Chris Kattan got his grounding at The Groundlings long before finding his footing with the troupe, then swinging over to “Saturday Night Live” as monkey/man Mr. Peepers and exotic dancer Mango.
He’ll be swinging around Eastern Iowa with two shows at Penguins Comedy Club in Cedar Rapids on Sept. 5 and the Mississippi Moon Bar in Dubuque on Sept. 6.
Chris Kattan and Friends
- Sept. 5 at 7:30 and 10 p.m. at Penguins Comedy Club
- $22.50 advance, $25 door
- (319) 362-8133 or Penguinscomedyclub.com
- Sept. 6 at 7 p.m. at Mississippi Moon Bar, Diamond Jo Casino
- $25 – 35
- (563) 690-4800 or Dubuquetickets.diamondjo.com
His father, Kip King, was an original member of The Groundlings, the legendary improv and sketch comedy training grounds in Los Angeles, where Kattan cut his comedy teeth, as well.
He’s in good company. The organization helped launch the careers of Jennifer Coolidge, Will Ferrell, Ana Gasteyer, Kathy Griffin, Phil Hartman, Lisa Kudrow, Melissa McCarthy, Craig T. Nelson, Kristen Wiig and Maya Rudolph. Other Groundlings alums include Jimmy Fallon, Daryl Hannah, Mariska Hargitay and Rita Wilson.
Kattan grew up watching his father perform there.
“I was just 7 years old and I got to just hang out, kinda like how Richard Pryor grew up in a brothel, I grew up in an improv comedy group,” Kattan, 42, says by phone from his home in Los Angeles. “I didn’t see beautiful women undressing, I just saw neurotic people, carrying off their costumes instead. I would have preferred the other one.
“I got to just live around and soak that in — that kind of lifestyle. These people who had day jobs or were actors and not working all the time — on the weekends, they did shows at The Groundlings,” he says. “That was the place where they got to be brilliant. They got to channel these characters that they had inside of them — this amazing talent they would just groom and grow.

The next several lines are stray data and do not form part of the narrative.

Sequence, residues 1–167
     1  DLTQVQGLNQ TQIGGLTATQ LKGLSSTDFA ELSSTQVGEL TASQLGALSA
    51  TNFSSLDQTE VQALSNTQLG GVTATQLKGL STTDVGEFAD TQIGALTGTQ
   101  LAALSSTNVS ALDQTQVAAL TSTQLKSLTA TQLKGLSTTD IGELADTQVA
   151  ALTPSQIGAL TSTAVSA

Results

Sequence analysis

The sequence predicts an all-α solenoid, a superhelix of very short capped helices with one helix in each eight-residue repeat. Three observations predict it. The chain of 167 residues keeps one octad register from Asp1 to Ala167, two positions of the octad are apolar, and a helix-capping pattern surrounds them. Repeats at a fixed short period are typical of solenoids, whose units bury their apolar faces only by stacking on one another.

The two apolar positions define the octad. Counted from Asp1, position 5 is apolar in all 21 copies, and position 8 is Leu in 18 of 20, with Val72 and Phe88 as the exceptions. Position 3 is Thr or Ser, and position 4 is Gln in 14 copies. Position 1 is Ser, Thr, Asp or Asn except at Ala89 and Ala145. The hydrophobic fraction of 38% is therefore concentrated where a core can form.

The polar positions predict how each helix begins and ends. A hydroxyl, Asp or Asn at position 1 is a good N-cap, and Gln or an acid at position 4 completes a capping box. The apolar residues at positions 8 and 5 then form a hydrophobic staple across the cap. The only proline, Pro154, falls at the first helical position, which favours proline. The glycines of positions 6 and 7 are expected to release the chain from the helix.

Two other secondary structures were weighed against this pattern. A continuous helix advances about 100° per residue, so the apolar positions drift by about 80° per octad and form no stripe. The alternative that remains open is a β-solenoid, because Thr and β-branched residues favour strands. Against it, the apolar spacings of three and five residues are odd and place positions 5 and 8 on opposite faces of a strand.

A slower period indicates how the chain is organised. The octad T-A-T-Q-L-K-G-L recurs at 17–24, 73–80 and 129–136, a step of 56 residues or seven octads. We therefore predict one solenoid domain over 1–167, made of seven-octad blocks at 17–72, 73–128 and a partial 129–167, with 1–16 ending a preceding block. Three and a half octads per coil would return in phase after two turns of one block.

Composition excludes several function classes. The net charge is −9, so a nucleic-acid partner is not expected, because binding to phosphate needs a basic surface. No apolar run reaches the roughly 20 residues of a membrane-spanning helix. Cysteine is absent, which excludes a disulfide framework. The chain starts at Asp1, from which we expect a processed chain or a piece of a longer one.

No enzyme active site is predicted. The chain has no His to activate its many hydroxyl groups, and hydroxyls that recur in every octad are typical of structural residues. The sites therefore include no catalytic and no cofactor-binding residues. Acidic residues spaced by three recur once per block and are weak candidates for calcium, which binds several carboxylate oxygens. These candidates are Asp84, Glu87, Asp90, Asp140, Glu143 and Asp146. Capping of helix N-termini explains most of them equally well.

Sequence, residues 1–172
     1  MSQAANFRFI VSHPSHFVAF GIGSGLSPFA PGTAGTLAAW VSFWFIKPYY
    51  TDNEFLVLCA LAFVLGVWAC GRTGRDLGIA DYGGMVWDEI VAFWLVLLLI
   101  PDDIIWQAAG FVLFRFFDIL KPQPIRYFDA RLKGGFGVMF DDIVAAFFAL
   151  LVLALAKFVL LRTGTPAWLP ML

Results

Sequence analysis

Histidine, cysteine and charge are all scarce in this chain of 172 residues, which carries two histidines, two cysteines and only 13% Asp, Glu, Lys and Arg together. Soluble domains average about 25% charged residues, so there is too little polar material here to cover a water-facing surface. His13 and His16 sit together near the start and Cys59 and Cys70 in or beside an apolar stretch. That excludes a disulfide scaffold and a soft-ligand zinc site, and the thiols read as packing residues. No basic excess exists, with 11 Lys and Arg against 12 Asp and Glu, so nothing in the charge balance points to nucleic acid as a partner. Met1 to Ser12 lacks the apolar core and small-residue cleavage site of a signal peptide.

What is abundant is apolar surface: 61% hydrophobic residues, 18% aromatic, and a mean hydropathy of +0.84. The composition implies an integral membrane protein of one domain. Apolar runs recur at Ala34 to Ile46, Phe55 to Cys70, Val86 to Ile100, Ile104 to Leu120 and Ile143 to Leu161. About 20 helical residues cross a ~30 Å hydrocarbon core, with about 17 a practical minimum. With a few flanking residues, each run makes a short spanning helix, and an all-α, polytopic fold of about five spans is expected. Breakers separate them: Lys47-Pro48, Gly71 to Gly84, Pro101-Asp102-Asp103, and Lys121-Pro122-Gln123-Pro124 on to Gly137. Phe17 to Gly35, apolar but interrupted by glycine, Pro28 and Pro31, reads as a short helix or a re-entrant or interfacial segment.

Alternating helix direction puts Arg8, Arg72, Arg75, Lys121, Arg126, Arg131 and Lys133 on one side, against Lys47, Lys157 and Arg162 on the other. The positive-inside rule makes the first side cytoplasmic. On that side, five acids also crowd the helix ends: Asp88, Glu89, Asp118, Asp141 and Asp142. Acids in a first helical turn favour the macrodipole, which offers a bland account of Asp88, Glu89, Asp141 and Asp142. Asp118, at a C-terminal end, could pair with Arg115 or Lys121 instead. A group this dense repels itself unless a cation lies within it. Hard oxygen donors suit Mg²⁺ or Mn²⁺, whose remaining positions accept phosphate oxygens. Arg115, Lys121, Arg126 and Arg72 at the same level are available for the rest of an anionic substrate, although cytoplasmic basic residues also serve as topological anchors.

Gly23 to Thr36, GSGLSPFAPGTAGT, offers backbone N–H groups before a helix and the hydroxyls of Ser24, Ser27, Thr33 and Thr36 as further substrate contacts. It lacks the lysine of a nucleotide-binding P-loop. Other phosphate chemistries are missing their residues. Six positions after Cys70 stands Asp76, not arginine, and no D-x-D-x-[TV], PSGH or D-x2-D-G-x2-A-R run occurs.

“Then sometimes, people become masters of what they’re doing as characters and improvisers. They become Phil Hartman. I got to see a lot when I was a kid. I got to see the whole transition of Paul Reubens creating Pee-wee Herman and seeing that take off.”
Kattan was part of “Saturday Night Live” from 1995 to 2003, then moved to cinema with “A Night at the Roxbury,” stage and sitcoms, lately with the recurring role of Bob on “The Middle.”
Now he’s taking his act on the road, making his first trip to Iowa, where the first things that pop into his mind are cornfields and the baseball Field of Dreams.
“I do like going to cities I’ve never known,” he says. “There’s some beautiful places in America that are just gorgeous and you’d never know anything about them unless you’re booked there.”
While he’s been dabbling in standup for a few years, Kattan doesn’t consider himself a standup comedian. He brings a different aspect of funny business to the comedy club circuit.
“I’m not a joke-teller,” he says. “I like to tell stories, and when I tell stories, I like to become the people in the stories. The audience loves it. That’s very much like what I do on ‘SNL’ — the same energy, but all new stuff.”
Never fear, fans who loved his “SNL” characters will still get their Mango fix.
“I’m not able to put myself in the format of standup,” he says. “But what I am doing is finding my way to having my own format in the world of standup. I’ll leave it to Louis C.K. and Chris Rock — the guys that are masters at it. If I can’t master it, then I’ll do what I do best, and that is to do my own show.”
True to his improv roots, he can’t imagine telling the same joke for the “800th time,” so he makes his show a different every night, building off a set list.
“I don’t want to get used to it,” he says. “I want to make it change all the time.”
He says the best part of hitting the comedy circuit is discovering how many people want to see him in person and sell out the venues.
“A lot of people out there that are really big fans of all these things I do. What I do are all specific, different things — silly movies like ‘Corky Romano’ and ‘A Night at the Roxbury’ and ‘Undercover Brother,’ but then characters on ‘SNL.’ It’s nice to know people remember me for not being a one-trick pony, but more like a 27-trick pony.”